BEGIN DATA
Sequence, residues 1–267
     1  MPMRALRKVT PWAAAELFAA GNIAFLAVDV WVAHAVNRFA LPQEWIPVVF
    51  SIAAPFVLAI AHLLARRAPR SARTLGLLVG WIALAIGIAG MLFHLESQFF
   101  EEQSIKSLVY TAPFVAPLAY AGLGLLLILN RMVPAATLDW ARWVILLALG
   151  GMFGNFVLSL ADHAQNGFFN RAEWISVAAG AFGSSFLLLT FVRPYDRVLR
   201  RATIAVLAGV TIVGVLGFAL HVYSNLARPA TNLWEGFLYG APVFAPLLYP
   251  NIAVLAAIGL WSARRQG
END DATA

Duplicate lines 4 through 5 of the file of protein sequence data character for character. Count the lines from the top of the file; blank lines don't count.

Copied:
   101  EEQSIKSLVY TAPFVAPLAY AGLGLLLILN RMVPAATLDW ARWVILLALG
   151  GMFGNFVLSL ADHAQNGFFN RAEWISVAAG AFGSSFLLLT FVRPYDRVLR